Institutions, Economic Performance and the Visible Hand

Institutions, Economic Performance and the Visible Hand

Theory and Evidence

Ashok Chakravarti

The book challenges the conventional wisdom on the determinants of economic performance and provides an alternative vision of the functioning of an economic system. The author provides a structured survey which critically evaluates the theory and evidence of neoclassical approaches to growth and development. He then skillfully integrates insights from the old and new institutional economics into an original and comprehensive vision of the relationship between institutions, growth and economic development.

Chapter 2: The Neoclassical Model and its Critique

Ashok Chakravarti

Subjects: development studies, development economics, economics and finance, development economics, institutional economics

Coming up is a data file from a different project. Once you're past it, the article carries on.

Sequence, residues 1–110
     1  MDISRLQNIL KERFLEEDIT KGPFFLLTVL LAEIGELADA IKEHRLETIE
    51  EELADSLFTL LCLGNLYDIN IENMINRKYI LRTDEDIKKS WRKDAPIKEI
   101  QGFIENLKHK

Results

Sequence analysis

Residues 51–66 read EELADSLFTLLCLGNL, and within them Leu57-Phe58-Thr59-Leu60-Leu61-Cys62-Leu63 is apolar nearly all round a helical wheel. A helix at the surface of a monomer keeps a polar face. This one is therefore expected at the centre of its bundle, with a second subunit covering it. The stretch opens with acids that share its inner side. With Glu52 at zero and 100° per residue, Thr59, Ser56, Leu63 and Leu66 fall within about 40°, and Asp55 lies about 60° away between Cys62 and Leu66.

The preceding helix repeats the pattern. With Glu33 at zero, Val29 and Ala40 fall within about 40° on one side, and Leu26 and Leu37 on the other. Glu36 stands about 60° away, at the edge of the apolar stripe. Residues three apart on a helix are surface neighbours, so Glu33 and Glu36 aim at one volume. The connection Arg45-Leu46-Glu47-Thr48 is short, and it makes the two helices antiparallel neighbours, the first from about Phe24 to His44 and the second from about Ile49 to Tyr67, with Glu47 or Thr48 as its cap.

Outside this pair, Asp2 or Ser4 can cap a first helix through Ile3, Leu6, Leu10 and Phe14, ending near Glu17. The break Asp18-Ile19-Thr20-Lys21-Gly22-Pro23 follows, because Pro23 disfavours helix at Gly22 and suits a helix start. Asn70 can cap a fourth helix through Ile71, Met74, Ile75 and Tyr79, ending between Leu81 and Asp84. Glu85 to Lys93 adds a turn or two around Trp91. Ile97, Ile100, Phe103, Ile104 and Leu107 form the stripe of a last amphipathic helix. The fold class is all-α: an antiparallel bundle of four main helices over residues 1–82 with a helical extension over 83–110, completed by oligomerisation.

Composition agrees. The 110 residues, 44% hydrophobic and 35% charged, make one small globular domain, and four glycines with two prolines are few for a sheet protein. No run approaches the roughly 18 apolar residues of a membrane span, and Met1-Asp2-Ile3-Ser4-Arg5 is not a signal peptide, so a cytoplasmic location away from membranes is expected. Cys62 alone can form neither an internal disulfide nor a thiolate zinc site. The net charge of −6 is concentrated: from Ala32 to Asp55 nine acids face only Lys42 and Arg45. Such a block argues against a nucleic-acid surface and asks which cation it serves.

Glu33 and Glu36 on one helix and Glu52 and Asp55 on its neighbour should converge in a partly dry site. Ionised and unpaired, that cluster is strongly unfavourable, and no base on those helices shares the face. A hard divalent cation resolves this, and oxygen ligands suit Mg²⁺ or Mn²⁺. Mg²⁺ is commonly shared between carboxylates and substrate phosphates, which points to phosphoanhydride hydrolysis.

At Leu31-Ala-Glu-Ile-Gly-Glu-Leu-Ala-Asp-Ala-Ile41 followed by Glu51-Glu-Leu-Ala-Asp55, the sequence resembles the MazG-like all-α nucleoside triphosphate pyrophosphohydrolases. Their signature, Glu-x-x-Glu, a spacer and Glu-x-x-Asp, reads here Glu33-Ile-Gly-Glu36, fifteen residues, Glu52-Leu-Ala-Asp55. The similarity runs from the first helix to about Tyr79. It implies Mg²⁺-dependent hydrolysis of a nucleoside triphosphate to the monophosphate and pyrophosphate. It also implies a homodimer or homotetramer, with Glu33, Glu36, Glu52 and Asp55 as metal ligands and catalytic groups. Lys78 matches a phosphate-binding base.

INSTITUTIONS IN CLASSICAL ECONOMIC THOUGHT The historical origins of the neoclassical model are to be found in the works of the classical economists. To establish what the classical thinkers said about the role of institutions in the functioning of an economy and how economic change occurs, we shall consider here the works of a number of key scholars in this tradition. These will include those who emphasized the natural liberty of an individual as being central to the functioning of an economic system, such as Adam Smith and John Stuart Mill, but also the ideas of those who were at the other end of the classical spectrum, such as Karl Marx and Frederick Engels. The latter group of thinkers – though they subscribed to many of the key concepts and theories of the classical liberal economists – emphasized the importance of social and historical forces in bringing about economic change. Finally, we shall consider the works of some of the flag bearers of the marginalist revolution, such as Jevons and Marshall, in order to understand the extent to which their ideas conformed to or differed from those of the classical thinkers. Adam Smith argued that based on the principle of self-interest and the operation of the invisible hand ‘the natural effort of every individual to better his own condition when suffered to exert itself with freedom and security, is so powerful a principle, that it alone and without any assistance … is capable of carrying on the society to wealth and prosperity’ (Smith...

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